WHAT! I mean, I knew this wasn't right. I wasn't a small child, and I was pretty intelligent. But I was a child, who already felt weird and awkward about my 'giftedness' and this laid the foundation for the rest of my schooling here in Ontario. I got lazy, I didn't think I had to work to get through school, I didn't know how to challenge MYSELF. And eventually, that love of learning and the thirst for knowledge were all but stamped out. I ended up spending a big part of my life kind of just wandering aimlessly - after high school I did a year of college, then on a whim I moved to Ottawa to teach ballroom dancing. On another whim I left Ottawa for Southern Ontario and just kind of coasted along with the idea I may return home and finish school. But life kept happening. Life kept getting in the way, and I never did complete my post-sec education. 

So here I sit, today, thinking about this undertaking. This decision to educate my children. We've all heard the platitude "I just want to give my kids more than I had". But in order to do that, one has to first acknowledge that what they had was incomplete, or not enough. So, I find myself mourning. I find myself aching and longing for an education I never received, for all that I could have done. I complain that being publicly schooled was my downfall, but I have an onus in this also. I allowed myself to 'check out' and just coast through my schooling years. I allowed myself to let life stop me from following my passion and my gift. 

But again, here I sit. With two beautiful, bright, and wonderful little people who are capable of all that I was, who have the same bright future ahead of them that I did. I have the privilege and the blessing of helping them discover THEIR talents and THEIR passions. And I have to not only let go of this grief I have over my OWN education, but overcome it and learn from it in order to truly give them more than I had. I want them to love learning, and feel the pride and energy you feel when you WORK at figuring something out. I want to help fan the flames of wonder in them and show them that the world is at their fingertips. I want to give them more than I had. And in doing so, I will give MYSELF the education I never had. 

Wednesday, March 5, 2014

Well. Two entries and I went AWOL. 
This past few weeks have been R.O.U.G.H.
I was dealing with some health issues, which left me thinking about a few things:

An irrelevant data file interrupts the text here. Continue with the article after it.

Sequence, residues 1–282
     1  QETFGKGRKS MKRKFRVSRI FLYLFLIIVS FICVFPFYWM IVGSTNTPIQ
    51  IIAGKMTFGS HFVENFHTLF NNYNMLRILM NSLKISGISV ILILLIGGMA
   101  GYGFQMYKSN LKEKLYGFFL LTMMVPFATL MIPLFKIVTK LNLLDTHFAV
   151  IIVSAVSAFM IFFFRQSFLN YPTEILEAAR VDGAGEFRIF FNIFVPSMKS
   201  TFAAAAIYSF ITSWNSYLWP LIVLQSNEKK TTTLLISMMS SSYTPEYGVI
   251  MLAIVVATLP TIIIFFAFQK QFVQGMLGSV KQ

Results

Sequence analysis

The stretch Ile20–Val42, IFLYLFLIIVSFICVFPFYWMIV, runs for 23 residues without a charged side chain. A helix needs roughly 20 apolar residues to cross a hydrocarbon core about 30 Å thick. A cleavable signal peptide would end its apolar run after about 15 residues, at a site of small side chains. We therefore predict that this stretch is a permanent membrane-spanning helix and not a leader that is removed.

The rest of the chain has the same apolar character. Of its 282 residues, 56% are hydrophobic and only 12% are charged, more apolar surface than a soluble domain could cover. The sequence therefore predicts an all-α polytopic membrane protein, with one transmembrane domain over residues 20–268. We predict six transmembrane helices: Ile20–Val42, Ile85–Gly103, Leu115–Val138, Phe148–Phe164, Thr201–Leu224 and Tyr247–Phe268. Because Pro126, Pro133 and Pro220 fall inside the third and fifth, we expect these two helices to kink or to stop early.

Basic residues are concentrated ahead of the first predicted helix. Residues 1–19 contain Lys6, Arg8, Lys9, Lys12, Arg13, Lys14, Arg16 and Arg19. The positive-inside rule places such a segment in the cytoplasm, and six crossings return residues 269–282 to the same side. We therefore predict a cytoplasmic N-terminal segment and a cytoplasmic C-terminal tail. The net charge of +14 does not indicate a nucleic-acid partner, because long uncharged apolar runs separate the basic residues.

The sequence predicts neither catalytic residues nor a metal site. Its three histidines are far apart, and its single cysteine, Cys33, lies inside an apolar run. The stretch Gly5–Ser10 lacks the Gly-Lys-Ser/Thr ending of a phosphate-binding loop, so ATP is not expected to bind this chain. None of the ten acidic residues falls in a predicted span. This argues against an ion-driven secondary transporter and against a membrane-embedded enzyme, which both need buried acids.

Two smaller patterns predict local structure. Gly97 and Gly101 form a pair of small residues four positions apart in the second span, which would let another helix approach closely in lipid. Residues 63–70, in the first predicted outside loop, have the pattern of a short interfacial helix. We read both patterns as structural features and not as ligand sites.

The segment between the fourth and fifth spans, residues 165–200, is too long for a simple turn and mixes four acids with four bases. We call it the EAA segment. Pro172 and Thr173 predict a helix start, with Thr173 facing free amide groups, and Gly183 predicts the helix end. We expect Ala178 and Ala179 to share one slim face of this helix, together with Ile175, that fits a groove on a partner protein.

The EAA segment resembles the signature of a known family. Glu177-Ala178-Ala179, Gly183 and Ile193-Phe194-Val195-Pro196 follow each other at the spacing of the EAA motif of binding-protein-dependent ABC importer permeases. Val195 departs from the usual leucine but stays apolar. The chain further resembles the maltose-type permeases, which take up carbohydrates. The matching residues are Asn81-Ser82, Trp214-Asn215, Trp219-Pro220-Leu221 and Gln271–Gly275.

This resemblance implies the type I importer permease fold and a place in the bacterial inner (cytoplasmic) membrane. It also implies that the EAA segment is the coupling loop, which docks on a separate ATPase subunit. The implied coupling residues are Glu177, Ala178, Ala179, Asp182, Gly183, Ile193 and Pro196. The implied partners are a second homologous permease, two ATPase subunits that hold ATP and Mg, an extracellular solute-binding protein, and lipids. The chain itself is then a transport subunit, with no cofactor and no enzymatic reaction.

1 - Why hasn't someone started a service that could provide homeschooling families with supply teachers? Seriously. I offered my kids "hey Mom isn't feeling well, what about some good books or a few episodes of Magic Schoolbus" - and this was met with a resounding "NO!" My kids wanted to do their lessons, but I was feeling like crap - so I had to dig deep down inside myself and find the will and the desire to teach. I didn't have a cold or even a flu, and as of yet still have no concrete answers about what was/is happening with my health. I couldn't bring myself to tell them no when they were consciously asking for and requesting lessonwork. When I win the big lotto, I think I'll find a way to make this happen - sometimes, we need downtime and sometimes it's not possible to let lessons go for 3 weeks+ 

2 - Sheer and utter panic at the thought of something serious happening to me, health-wise, while I am home alone with two children who are still quite young. My oldest is 8, and I was left wondering if he would be able to cope should something happen - I was quite faint a few days, and easily could have fainted or become disoriented. So I spent quite a few days talking to him about how to get help, and who to go to. I showed him how to tell if a person was unconscious vs dead (sure, it may be morbid but this could be important one day). I am not dying, but it really did make me realize that if my kids were at a brick and mortar public school, they would know the emergency procedures and safety plans - so it's definitely something I'm trying to put into place here in our homeschool life. 

Although the last few weeks have been hard, physically and emotionally, it's made me incredibly happy that I am blessed to be able to homeschool, to spend these moments and this time with my kids. And despite my health issues, we had a great month in February. I've been working on trying to get some plans in place for next "school year". We will be schooling year-round so the idea of when this year transitions into 'next' year is kind of vague, but we're using Fall as our 'start of a new year' time. 

I'll do a post soon about these plans - not that they've been set yet, but the thinking process has started. I will say this - there is SO much out there, so many resources - it can be truly overwhelming to decide which curricula/programs/etc one is going to use, and which will wait for later. Overwhelming, but also incredibly exciting! This is the best part of homeschooling, getting to offer educational options to my kids that they would NEVER get in a brick and mortar school. 

More to come... 

Wednesday, February 5, 2014

One of the coolest things about homeschooling so far, for me, has been how differently we are doing things than how we had first thought we would. The plan I had when I first pulled them from school, has changed so dramatically in the time that we've been home. It's been a learning process - for all of us. I gave them some time to shake off the public school mindset, and I also had to do that. I had to give myself space to stop, see them for the little people that they really are, and figure out what they needed. I also had to take time to learn what kind of teacher I would be. 

I always assumed we would be pretty "unschooly". No curriculum, lots of natural opportunities to learn, all self-directed. But as we've started this whole process, I've come to see that my kids LOVE structure, and more importantly - so do I. Our initial homeschooling months were spent not "doing school" in any form, just getting back on track, reconnecting, and enjoying a bit of a break before we made any schooling decisions. We still made time for a lot of learning opportunities, got together whenever we could with the homeschooling community here in our town, and while it was a really great couple of months - it wasn't 'enough'. For me, or for them.